Powershell: Script to Easily Find Objects in the SCCM Console

Recently, I had a need to delete an SCCM advertisement in the SCCM 2007 R2 console, in order to ensure it didn’t run on any of my test machines.  Now, I knew that it wouldn’t run, because it was not being advertised to any collections of which my test machine was a member.  But the advertisement was only a test, and I was trying to clean up after myself.

According to Microsoft (link: http://technet.microsoft.com/en-us/library/bb693527.aspx), the way to delete an advertisement from the SCCM console is to drill down through the console (System Center Configuration Manager / Site Database / Computer Management / Software Distribution / Advertisements) and right-click -> Delete the advertisement.  Normally, this is a pretty straightforward procedure…  IF you know where your advertisement is located.

You see, the SCCM console in which I was working divided the advertisements into sub folders based on the Publishers name, and I could not find a folder for the Advertisement I was trying to delete.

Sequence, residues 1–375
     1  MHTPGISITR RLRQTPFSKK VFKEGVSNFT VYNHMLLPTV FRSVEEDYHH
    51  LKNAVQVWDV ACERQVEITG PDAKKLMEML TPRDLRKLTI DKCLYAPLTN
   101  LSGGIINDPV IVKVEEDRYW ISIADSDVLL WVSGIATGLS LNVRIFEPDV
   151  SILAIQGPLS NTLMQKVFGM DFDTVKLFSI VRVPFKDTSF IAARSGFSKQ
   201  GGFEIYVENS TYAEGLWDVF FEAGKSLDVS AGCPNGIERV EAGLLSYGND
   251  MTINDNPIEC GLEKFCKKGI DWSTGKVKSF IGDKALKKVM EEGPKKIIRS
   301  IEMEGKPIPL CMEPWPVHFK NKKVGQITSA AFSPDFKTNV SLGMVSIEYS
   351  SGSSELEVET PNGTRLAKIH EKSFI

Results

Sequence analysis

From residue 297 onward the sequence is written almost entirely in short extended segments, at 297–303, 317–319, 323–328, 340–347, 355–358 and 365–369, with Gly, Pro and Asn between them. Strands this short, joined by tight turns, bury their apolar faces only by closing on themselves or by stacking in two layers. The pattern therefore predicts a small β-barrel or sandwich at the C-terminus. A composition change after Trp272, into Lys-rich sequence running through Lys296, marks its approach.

Consol.Advertisements

 

Furthermore, subdividing the Advertisements as such also rendered the “Look For” search field in the console pretty useless; I would have to “Look For” my advertisement in every folder!

SCCM reports can be pretty helpful, and I was able to run a report that gave me just about every piece of data about the advertisement I wanted to delete – except the path to it; the information critical for deleting the advertisement.

A quick Google search led me to this link: http://blog.tyang.org/2011/05/20/powershell-script-to-locate-sccm-objects-in-sccm-console/.  Here, I found the Powershell script that helped me find my elusive advertisement.

The only inputs for this powerful and very useful script are the name of your SCCM site server, and the SCCM object ID, which can easily be found through the “All Advertisements” report in SCCM.  As it turns out, the folder that contained my advertisement had been accidentally moved under another folder. 

It’s great when you find the perfect tool for the job, as I did in this case.  I hope you find it as useful as I did. I intend to keep this one around for future use. 

Thanks, Tao!

 

2017-07-27T00:01:04+00:00 January 9th, 2013|Uncategorized|

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